Had a few runs lately with ancient patients.
Here's an interesting thing about being a paramedic, unique in most of the medical field in fact. We are routinely invited into peoples homes.
Doctors and nurses most often see patients "at work". But we go out and pick them up with whatever malady or injury they have. Medics also are trained to pay attention to detail. The first thing on our mental checklist is scene safety, because if we get hurt, who helps the patients and us? So we take note of our surroundings, pay attention to things that a casual observer might miss. (although when PD is on scene, we may not look as closely, because they do it for us!)
Still, you can tell buckets about a person within the first few steps onto their property. Is the house in good condition? Yard tidy or unkempt? First thing through the door we are noticing not only appearance, but smell and temperature as well. You'd be amazed what we can learn from someone by the smells we get.
Do they live alone or with others? Are there animals we need to be aware of? (this becomes very important after you've had an overprotective Chihuahua furiously attacking your boots as you try not to squish it while moving their master.
The elderly population that we serve are for the most part delightful, and remarkably around here they mostly call when they are actually sick or injured. I did some ride time on other places where even in my short time I got to know a few of the "frequent fliers" who really needed just an ear to hear them every once and awhile.
But the more I serve, the more I learn, and the more I am shaped by my experiences. We have a few nursing homes in our community. I have not had many good experiences in nursing homes. Now, in their defense, they are usually understaffed and overworked, and I would work almost anyplace else before I worked there, so I give the staff credit, especially the good ones.
But time after time when we pick someone up, there is a bad or sad story behind the patient. We get their 'papers' when we leave, with health and social histories and such. So reading through them gives us an idea of what life is like in there. One patient plays cards about every day, but is also incontinent most every day. Another spends the day in a wheelchair, being moved around from time to time before being put back in bed for the night. Yet another might wander the halls aimlessly, trying doors and seeing where they can get. Escape attempts? The staff is overwhelmed with baths, medications, feedings, cleaning up messes and such that they seem to have little time to just sit and hear the stories that must invariably come. Families visit rarely if at all. Not that they do not care, but they are busy living their lives as well. Some families visit weekly for an hour or two. Rare is the daily visitor that spends much of the day.
And since the rooms are their "homes" We get a Readers Digest picture of their lives. Pictures and trinkets most valuable after a lifetime lived. Pictures of kids and grand kids, old pictures of their time in the military, or college days or on the farm, etc. etc. Lifetimes of stories and memories. And then we come and pick them up off the bed or the floor, covered in blood, feces, urine and whatnot. Get them on the cot and in the rig and check them over. Carefully and tenderly, as they are mostly quite fragile and/or quite hurt. IV access is limited most often to spidery, narrow veins that burst like water balloons sometimes at the pressure of the advancing catheter. Or veins that twist and turn and bifurcate and are valvey, unsuitable for IV's really, but we take what we can get.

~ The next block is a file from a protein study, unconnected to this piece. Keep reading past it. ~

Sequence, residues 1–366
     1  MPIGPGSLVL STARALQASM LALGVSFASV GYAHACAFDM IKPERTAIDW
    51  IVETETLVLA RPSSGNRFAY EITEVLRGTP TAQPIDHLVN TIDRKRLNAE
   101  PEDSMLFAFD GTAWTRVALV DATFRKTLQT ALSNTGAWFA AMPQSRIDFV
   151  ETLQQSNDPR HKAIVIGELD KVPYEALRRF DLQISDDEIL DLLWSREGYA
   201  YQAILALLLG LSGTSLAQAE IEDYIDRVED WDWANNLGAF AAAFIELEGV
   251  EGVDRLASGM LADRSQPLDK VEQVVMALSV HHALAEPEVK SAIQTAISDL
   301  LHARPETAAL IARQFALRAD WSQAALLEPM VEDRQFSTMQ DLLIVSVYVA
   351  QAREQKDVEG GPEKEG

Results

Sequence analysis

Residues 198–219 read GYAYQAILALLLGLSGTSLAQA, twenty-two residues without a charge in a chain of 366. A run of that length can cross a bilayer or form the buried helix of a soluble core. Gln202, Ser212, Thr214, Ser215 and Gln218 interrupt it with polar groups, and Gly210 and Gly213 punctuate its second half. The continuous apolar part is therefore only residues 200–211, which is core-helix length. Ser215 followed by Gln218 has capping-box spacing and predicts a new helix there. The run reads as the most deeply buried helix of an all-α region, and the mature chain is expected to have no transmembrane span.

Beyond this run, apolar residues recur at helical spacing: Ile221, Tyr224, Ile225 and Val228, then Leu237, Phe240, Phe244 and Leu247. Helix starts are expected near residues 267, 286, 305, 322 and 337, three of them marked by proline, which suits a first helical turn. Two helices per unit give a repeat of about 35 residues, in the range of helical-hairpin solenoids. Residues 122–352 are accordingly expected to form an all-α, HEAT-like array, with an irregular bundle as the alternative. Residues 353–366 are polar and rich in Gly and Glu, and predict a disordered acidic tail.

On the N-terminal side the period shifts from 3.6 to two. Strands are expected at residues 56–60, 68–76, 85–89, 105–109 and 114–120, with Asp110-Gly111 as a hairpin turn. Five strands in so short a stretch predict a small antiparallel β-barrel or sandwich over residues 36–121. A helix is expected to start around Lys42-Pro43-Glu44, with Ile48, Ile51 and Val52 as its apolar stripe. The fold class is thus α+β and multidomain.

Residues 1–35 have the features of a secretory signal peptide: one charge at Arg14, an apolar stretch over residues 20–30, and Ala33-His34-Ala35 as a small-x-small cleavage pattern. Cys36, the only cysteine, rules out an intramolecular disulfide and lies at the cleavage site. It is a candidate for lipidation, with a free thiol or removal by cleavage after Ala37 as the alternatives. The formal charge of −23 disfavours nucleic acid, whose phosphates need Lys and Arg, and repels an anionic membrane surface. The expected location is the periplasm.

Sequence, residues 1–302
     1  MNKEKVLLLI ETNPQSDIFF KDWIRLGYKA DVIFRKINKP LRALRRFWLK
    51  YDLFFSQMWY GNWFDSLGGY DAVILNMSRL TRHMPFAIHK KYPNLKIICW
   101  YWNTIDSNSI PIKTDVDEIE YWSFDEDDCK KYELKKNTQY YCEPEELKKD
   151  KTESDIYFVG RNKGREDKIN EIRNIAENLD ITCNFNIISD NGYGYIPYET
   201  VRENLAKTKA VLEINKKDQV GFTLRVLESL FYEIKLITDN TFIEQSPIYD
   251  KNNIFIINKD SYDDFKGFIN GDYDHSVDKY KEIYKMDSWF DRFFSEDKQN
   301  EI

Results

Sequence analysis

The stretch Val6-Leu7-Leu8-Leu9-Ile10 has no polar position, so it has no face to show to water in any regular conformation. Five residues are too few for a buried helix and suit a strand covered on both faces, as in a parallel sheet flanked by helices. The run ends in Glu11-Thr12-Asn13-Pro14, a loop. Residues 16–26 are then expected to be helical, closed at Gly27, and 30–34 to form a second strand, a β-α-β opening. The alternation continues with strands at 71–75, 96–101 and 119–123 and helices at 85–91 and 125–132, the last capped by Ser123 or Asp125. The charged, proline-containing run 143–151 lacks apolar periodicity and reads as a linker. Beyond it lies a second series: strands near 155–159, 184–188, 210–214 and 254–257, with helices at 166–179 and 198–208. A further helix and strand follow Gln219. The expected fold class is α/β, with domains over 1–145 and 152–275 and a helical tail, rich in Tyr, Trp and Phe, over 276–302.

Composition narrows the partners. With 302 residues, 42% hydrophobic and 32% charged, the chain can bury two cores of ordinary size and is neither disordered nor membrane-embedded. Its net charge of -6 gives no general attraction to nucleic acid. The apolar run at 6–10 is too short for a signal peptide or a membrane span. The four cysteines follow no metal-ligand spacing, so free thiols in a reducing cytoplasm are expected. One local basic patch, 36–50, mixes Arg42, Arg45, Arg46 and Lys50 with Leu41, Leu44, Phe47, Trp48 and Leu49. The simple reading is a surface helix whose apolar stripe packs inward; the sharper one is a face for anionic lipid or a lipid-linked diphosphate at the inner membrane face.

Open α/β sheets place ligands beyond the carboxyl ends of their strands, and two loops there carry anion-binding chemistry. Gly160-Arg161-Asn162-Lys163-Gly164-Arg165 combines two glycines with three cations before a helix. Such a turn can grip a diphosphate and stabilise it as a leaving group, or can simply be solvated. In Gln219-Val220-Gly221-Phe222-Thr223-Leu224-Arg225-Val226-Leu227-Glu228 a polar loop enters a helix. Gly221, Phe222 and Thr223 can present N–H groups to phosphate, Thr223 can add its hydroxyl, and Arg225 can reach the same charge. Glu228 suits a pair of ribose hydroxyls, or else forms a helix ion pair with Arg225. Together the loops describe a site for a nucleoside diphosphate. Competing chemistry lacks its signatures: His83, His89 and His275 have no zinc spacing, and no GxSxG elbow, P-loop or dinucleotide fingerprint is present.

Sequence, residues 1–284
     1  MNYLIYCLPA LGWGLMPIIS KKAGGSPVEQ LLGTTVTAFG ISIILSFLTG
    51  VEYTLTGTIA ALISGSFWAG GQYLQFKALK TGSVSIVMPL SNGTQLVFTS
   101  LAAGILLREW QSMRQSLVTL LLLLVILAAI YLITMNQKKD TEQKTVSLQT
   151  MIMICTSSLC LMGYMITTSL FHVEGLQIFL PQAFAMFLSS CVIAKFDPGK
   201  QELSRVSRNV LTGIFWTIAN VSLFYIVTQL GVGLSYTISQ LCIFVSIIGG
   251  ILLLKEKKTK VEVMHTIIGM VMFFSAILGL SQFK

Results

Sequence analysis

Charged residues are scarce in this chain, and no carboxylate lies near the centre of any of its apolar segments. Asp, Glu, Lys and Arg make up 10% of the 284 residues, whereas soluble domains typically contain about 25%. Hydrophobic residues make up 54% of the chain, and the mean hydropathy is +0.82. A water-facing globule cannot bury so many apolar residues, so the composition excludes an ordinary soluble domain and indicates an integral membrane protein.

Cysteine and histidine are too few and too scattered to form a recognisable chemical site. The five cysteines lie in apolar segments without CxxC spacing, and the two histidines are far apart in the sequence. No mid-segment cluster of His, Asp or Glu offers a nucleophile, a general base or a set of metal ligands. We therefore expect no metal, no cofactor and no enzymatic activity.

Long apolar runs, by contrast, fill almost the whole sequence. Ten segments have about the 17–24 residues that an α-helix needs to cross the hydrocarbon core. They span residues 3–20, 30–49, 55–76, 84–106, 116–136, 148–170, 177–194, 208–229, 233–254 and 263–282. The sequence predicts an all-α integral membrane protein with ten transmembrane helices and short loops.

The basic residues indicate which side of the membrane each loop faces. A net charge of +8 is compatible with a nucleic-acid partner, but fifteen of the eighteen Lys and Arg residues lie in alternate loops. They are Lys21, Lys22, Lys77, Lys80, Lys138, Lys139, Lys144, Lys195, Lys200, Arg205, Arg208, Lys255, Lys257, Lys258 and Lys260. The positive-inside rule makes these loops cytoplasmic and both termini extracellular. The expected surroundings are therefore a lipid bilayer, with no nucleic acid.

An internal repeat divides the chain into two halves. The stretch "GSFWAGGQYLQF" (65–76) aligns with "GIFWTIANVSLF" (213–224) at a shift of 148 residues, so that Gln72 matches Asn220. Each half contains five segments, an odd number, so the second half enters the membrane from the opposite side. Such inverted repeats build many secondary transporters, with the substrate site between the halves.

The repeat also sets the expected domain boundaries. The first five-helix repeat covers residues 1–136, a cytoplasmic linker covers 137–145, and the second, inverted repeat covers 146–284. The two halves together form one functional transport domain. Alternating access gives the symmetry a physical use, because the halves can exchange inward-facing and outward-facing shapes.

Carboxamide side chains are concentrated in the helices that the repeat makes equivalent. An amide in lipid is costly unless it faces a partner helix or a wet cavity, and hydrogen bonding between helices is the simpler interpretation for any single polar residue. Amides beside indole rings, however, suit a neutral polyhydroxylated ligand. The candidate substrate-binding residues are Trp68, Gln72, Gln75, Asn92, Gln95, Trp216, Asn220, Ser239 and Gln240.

Once and a while they are lucid and mostly pleasant. But some cannot communicate with anything but their eyes. And the eyes are usually haunted or vacant. Devoid of hope, will, life, whatever the spark is that makes us human.
One recently looked at me pleadingly. Could not speak. Was barely able to focus. But the eyes, when they did focus were asking me to do something. The trouble was, I did not know what he wanted. "Help Me" is a very gray area sometimes with people.
When I first found Shoba, here eyes said "Help Me", and I knew she meant "help me live" Ive had other animals doing wildlife rehabilitation whose eyes clearly said "help me, put me out of my pain and suffering"
And I've seen both looks in the eyes of patients as well. Of course, my profession is to sustain life when possible and comfort when it's not, and euthanizing people is not legal. But I wonder, if near the end of my life I am lifted from my bed in the morning, washed up by someone else, moved around by someone else, fed, cleaned, and put to bed by someone else, what sort of quality my life has at that point.
Our society is so scared of and distanced from death that we seem to deny the inevitable to the point of forced suffering. I know that part of the reason I went into emergency medicine was to face my own fears about death, wage my own personal battle with it. For I was once scared silly by it as well. But in my experiences, I have learned that there are indeed things worse than death. Suffering and pain. Despair and hopelessness. It brings into focus the ways I do NOT want to die. And there are times when I hear about the death of a patient I had last week or last month when I think that maybe it wasn't such a bad thing that they died. Life is a blessing. No doubt. But a dignified death is too. None of us gets out of here alive. Or at least alive as we now experience it. So what needs to be done to provide a little dignity for the end of a life well lived?